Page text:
Agave parryi - Artichoke Agave
Artichoke Agave is native to the Southwest United States and Mexico. A compact succulent known for its stubby, almost flat-topped rosettes, it's reminiscent of an artichoke. Each leaf has a sharp 1" spine at the end, but the plant doesn't flop out into walkways and threaten your ankles. It makes a fine container plant and a handsome specimen in a desert garden.
Individual plants grow slowly to 2' tall by 3' wide. This is one of the cold hardiest of the agaves and will grow in drier areas of Zones 5-11. Propagate by seed or removing offshoots from the base in spring. The 20' bloom is a sight to behold, though you may not see one for a couple of decades. In the meantime, this is one great-looking plant.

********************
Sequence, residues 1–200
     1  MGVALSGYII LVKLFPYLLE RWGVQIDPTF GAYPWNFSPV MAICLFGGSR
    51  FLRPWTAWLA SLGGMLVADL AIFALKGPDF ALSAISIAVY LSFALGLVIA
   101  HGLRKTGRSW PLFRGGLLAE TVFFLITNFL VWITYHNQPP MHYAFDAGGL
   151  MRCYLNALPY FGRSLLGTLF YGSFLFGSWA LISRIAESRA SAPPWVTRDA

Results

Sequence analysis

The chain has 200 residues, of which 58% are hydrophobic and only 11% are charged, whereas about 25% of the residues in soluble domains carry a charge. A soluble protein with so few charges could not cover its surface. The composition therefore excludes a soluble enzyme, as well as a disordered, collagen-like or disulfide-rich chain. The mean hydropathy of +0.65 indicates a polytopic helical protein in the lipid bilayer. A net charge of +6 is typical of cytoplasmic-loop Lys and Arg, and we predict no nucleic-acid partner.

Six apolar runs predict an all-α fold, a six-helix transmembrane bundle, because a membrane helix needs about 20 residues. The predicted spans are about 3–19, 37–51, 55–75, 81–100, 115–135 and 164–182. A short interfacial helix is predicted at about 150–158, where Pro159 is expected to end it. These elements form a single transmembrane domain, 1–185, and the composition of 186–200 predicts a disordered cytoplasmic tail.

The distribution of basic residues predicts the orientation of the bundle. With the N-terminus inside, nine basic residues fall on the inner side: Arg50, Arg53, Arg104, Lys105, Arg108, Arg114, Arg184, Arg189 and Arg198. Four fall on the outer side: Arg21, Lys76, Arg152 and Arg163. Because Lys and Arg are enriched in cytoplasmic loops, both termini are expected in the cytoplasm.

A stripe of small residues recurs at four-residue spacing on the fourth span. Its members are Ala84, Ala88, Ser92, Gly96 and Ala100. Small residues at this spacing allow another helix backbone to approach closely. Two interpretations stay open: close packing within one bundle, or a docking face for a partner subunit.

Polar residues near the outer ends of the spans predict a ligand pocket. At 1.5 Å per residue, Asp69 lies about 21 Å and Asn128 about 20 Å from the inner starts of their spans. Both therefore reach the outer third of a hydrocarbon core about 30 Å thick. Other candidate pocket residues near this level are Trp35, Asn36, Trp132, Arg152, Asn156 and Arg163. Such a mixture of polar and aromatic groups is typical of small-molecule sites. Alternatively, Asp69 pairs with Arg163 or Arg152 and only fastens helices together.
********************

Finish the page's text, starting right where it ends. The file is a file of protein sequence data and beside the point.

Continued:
Surface sow, covering with a light layer of soil. Cover pot with plastic wrap and a rubber band to keep in heat and moisture. Place in a warm, sunny location, keep soil moist, but not soaking wet. Remove plastic wrap when you have seedlings.